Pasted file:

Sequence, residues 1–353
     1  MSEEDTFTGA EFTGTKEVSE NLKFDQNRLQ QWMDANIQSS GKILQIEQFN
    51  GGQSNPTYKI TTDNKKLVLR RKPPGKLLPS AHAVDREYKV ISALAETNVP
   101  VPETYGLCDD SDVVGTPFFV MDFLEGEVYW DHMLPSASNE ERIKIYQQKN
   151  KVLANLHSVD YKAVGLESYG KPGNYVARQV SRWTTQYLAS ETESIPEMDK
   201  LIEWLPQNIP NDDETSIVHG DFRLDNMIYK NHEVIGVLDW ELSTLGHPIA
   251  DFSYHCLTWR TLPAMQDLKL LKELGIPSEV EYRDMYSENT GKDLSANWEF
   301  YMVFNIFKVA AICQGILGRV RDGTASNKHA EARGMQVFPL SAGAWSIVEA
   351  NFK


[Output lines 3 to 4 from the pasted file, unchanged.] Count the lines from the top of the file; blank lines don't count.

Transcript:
    51  GGQSNPTYKI TTDNKKLVLR RKPPGKLLPS AHAVDREYKV ISALAETNVP
   101  VPETYGLCDD SDVVGTPFFV MDFLEGEVYW DHMLPSASNE ERIKIYQQKN